If you’ve bought more than one jazz CD in the past thirty years or so, chances are you have at least one that was made possible courtesy of producer Richard Seidel.
During his two plus decades at the Verve label, Seidel was responsible for rescuing some of jazz’s greatest recordings for the digital age and promoting some of the music’s best and most promising talent including Shirley Horn, Joe Henderson, Betty Carter, Christian McBride, Mark Whitfield and Jimmy Smith.
Indeed, Richard Seidel is behind some of the most prominent jazz releases and reissues of the last two dozen years or so – almost single-handedly keeping the jazz spirit alive in a music industry that really doesn’t care much about jazz and a fan base that has changed considerably during this period.
Since leaving Verve, Richard Seidel has kept especially busy with an even more remarkable array of projects. He co-produced Eddie Palmieri’s Listen Here! album for Concord in 2005, for which both he and Palmieri won Grammy Awards. He is also especially proud of Wise One, the album he produced for Bobby Hutcherson in 2009.
On the reissue front, Richard Seidel has recently supervised the To Be Free: The Nina Simone Story (Sony Legacy) boxed set, which was nominated for a Grammy Award in 2008, the overwhelming 70-disc Miles Davis set The Complete Columbia Album Collection (Sony Legacy) in 2009 and the amazing Ella Fitzgerald box set Twelve Nights In Hollywood (Verve), which won both the 2010 Down Beat Jazz Critics Poll and the Jazz Journalists’ Association awards as Best Historical Album.
Somehow during all of this, Richard Seidel has found time to supervise and produce the magnificent set of releases that compromise the 40th anniversary of CTI Records, the beloved jazz label founded in 1970 by producer Creed Taylor.
The celebration started in October of last year with the release of six classic CTI titles, re-mastered to sparkling effect, and CTI Records: The Cool Revolution, a deluxe 4-CD multi-artist box set retrospective. Soon thereafter, a double-CD restoration of the masterful California Concert: The Hollywood Palladium (1971) followed with 90 minutes of music rarely heard and never before available as well as four collectible vinyl LPs (CTI hasn’t been officially available on vinyl for over a quarter of a century). Six additional CTI classics were issued on CD several weeks ago and another four CTI titles have been scheduled for April.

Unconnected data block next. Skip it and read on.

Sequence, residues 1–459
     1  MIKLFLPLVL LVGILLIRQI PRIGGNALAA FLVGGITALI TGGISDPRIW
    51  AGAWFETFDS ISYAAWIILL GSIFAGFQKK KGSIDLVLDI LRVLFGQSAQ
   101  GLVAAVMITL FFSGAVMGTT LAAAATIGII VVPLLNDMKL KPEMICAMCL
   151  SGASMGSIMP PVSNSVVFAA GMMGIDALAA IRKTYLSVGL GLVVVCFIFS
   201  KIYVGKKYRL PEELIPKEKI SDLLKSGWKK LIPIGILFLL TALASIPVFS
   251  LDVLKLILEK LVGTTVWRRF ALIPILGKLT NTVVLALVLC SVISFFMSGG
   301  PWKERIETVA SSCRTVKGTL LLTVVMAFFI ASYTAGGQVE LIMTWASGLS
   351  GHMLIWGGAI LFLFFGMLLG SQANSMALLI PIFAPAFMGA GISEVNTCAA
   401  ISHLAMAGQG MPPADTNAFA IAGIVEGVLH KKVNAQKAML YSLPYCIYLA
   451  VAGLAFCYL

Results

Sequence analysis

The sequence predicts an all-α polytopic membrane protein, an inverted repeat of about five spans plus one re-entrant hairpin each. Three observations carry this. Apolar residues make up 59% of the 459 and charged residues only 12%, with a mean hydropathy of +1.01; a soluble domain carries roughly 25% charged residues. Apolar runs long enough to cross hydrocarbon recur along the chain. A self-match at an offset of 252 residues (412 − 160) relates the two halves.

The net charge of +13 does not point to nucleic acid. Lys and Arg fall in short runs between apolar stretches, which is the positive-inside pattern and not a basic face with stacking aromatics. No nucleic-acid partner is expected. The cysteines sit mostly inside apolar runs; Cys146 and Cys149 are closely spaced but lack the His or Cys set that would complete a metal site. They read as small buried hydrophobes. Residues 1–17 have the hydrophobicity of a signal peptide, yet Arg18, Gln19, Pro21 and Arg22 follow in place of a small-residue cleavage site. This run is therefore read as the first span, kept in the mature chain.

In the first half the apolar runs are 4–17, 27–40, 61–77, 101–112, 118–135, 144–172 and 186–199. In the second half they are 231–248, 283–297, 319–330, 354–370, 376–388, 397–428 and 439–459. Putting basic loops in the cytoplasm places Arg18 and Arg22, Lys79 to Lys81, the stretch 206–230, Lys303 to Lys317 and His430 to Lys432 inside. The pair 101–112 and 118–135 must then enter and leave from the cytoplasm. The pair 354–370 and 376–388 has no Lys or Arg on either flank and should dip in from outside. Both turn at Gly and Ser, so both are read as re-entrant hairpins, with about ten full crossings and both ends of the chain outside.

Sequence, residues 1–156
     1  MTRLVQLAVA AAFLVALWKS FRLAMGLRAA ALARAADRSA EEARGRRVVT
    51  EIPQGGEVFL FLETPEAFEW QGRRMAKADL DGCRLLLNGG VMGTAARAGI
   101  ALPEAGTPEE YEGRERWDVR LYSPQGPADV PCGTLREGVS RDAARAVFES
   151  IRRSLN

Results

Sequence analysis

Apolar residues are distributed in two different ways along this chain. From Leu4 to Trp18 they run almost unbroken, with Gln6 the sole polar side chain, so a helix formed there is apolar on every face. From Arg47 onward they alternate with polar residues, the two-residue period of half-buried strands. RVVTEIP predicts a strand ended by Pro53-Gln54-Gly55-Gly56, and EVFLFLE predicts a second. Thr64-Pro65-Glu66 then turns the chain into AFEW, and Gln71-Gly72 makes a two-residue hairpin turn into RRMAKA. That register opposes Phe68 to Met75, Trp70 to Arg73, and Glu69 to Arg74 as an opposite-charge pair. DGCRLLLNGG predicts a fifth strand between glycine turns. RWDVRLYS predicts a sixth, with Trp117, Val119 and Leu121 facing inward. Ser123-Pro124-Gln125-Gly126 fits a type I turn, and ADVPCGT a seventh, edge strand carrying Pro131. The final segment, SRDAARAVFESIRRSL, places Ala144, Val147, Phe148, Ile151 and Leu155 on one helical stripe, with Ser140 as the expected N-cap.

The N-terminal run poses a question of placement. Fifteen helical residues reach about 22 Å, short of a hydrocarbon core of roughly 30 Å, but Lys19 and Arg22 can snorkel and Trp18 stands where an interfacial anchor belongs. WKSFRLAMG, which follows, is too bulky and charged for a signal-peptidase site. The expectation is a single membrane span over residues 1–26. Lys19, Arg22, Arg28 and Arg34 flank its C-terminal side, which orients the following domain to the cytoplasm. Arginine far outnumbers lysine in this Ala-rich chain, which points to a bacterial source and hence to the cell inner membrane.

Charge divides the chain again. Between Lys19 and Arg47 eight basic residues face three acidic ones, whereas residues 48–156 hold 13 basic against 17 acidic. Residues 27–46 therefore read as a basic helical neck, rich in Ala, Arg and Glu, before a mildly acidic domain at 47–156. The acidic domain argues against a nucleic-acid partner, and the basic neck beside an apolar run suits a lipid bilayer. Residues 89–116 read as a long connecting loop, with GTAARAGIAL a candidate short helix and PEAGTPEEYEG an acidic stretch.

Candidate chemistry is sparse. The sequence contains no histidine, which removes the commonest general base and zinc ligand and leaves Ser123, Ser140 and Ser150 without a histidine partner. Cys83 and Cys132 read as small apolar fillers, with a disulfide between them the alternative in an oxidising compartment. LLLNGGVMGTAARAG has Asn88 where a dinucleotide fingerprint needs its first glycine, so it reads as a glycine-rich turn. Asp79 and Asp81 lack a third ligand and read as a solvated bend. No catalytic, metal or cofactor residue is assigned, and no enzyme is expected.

Refreshingly, unlike most producers, Richard Seidel often steers clear of the limelight – usually letting the music speak for itself or, more, accurately, the artist speak for him or herself. But he talked with me recently about music and his involvement with the 40th anniversary celebration of CTI Records.
Doug Payne: Let’s start with a little bit about you. How did you get started in the music business?
Richard Seidel: In 1972 I took a leave of absence from the Institute Of Jazz Studies at Rutgers University, where I had been Curator since 1970, after having graduated from Rutgers that same year. I moved to Boston to attend Berklee College of Music and also took courses at New England Conservatory and worked for Gunther Schuller as a research assistant.
In 1974 I was offered a position as the Jazz and Popular Music Editor of the Schwann Catalog. In the course of my work at Schwann I got to know Scott Billington, then the manager of one of the key retail stores in Boston, who in turn went to work as a sales rep for Rounder Records Distribution, where he asked me to join him. One of my main accounts was the Strawberries chain where, among other things, I got to meet its infamous owner, Morris Levy.
Although Rounder was primarily a distributor of folk and bluegrass labels, we also handled labels like Concord Jazz and Xanadu, the Italian Black Saint/Soul Note labels, and even Sun Ra’s extremely hard to find El Saturn label. Through my position at Rounder I got to know John Koenig, the head of the venerable Contemporary Records in Los Angeles, which had recently been reactivated and which Rounder was distributing.
John brought me in to be the National Sales Manager and to help rebuild what was then a very limited distribution network for the label. One thing led to another and by 1982 I moved back to the New York area to work for PolyGram Classics and Jazz where Verve became the jazz imprint. I ended up first running the label, then headed up its A&R activities, and stayed with the company for twenty years through all of the many changes in the record business between 1982 and 2002.
DP: Your most recent project is supervising the celebration of the 40th anniversary of the CTI record label for Sony’s Masterworks Jazz. What brought you to the project?